Daisy Prince on why hanging out with models during New York Fashion Week makes her hungry . There is no better place to be than New York during the fall and fashion week.
Daisy Prince on why hanging out with models during New York Fashion Week makes her hungry
There is no better place to be than New York during the fall and fashion week. The colors of the city become brighter and sharper, as if the place has been twisted into focus under a microscope. All the new restaurants are booked, the sidewalks are full and the bars are teeming with good-looking, tan people, back from their summer holidays. The New York buzz has started afresh after a summer of quiet.
Except that my summer wasn’t exactly quiet, it was full of bustle. After the hecticness of getting married, I was happy to welcome the normality of fall.
A brief word on the wedding – it was beautiful. I know it’s a bridal cliché but in my case it was really true. One of the best things about getting married in Newport is that you have a 90 per cent chance of getting hitched on a lovely cloudless day as I did. Another bridal cliché is that weddings pass by in a haze. Mine did, although some bits do stand out, like the arrival of the ice-cream truck I had especially ordered and leaving the reception with Hugh on the back of my father’s Honda Rebel motorbike. We raced off to the beach for a much needed dip before the evening dance. I wore a white bikini with ‘Just Married’ written on it in gold sequins. I firmly believe that brides should embrace their inner cheeseball, if only to add a little zest to the proceedings.
By the way, for those of you who read my last column and wanted to know if the ‘Mayr Cure’ continued to work, I’m afraid not. I more or less managed to keep slim until the wedding, but when the Newport cheese puffs came by that I had been waiting over four months to eat, I practically knocked over four elderly relatives to scoff them down.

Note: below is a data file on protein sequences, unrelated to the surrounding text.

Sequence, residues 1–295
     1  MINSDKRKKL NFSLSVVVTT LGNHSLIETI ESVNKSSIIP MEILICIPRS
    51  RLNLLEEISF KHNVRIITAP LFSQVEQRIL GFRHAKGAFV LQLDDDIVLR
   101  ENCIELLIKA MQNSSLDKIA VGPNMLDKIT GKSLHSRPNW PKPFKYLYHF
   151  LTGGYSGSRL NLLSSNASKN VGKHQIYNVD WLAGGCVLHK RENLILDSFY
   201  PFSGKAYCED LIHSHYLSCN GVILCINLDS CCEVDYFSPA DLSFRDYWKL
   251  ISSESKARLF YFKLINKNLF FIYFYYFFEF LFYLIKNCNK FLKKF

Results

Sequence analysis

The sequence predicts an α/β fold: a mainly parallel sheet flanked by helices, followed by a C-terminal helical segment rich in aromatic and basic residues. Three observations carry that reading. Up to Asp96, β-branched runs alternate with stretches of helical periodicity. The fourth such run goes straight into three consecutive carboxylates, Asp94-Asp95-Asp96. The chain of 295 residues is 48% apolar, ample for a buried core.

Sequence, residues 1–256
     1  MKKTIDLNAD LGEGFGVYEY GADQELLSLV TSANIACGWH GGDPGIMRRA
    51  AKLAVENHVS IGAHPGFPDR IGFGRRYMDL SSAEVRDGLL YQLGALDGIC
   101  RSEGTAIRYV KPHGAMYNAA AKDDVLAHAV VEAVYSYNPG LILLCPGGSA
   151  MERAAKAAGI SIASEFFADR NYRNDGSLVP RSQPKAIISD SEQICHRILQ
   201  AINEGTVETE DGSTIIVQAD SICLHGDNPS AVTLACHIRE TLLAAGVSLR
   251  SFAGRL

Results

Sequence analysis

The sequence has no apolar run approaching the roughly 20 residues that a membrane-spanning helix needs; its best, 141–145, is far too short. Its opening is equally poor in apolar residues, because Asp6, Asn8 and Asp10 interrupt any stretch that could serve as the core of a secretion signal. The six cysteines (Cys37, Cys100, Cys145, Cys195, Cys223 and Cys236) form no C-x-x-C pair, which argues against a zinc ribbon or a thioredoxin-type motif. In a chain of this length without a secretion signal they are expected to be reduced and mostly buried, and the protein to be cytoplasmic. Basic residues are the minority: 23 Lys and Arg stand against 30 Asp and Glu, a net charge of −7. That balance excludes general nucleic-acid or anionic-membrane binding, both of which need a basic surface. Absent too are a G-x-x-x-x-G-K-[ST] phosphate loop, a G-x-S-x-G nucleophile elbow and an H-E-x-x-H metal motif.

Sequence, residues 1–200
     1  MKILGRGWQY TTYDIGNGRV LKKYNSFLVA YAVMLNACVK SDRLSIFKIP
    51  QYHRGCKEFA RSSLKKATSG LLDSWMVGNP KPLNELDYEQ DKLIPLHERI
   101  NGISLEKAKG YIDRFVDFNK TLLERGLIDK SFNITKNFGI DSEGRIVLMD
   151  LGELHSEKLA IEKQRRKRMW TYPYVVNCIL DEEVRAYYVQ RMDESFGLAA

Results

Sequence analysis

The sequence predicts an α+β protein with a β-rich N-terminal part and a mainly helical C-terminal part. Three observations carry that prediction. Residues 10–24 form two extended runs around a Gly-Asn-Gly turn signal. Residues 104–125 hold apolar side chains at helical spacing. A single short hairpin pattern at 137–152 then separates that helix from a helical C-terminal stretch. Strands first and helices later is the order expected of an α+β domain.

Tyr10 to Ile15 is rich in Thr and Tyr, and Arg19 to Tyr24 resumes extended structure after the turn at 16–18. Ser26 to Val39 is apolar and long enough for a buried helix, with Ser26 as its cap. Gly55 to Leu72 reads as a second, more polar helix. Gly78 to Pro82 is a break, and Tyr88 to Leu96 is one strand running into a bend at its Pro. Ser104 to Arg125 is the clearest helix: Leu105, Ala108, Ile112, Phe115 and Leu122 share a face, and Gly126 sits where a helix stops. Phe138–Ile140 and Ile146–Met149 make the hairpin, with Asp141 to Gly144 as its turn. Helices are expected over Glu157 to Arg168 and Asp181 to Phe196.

Back to New York and fashion week where no one would even so much as LOOK at a cheese puff. Women in New York are so thin that Olive Oyl wouldn’t get a second glance at the New York shows. At these occasions I think that if someone ate a cracker they might be arrested. Despite the stick figures in the Bryant Park tents, fashion shows in New York are fabulous.
Being inside the tents is like being at the best club in town, the atmosphere is so charged you feel like anything could happen. The music is great, the clothes are amazing and the personal style is… hilarious. Everyone is posing for photographs, whether they have anything to do with fashion or not.
American fashionistas do tend to dress up more for these events than their British counterparts. It is generally held to be true in America that in order to be the part, you need to look the part. Perhaps it has something to do with the fact that America was founded by Puritans who firmly believed that there was only enough room in heaven for 400,000 souls. The only way to demonstrate that you were one of the chosen people was to look and act like you were more pious and worthy than everyone else. This anxiety has trickled down to the 21st century. It used to be the case that you had to look the part in order to prove you were going to heaven; you now need to look the part in order to get beyond the security guard.
Whatever the reason for their sartorial obsessions, these butterflies of New York never fail to put on a good show. They always look like movie stars and complete their look with entourages of gay men who are dressed like dime store versions of Oscar Wilde.
My favourite moment (I’m sorry but Fashion Week always makes me a little bitchy – or maybe I’m just hungry) was when one particularly pretty, Grace Kelly-like blonde was picking her way down the stairs in enormously high heels. She had her nose struck right up in the air and surrounded by an adoring crowd, stumbled, nearly fell, and looked around her to see the crowd burst into mirth. She slunk off, looking humbled. It was the perfect New York moment. Now, if only I’d had some cheese puffs to hand…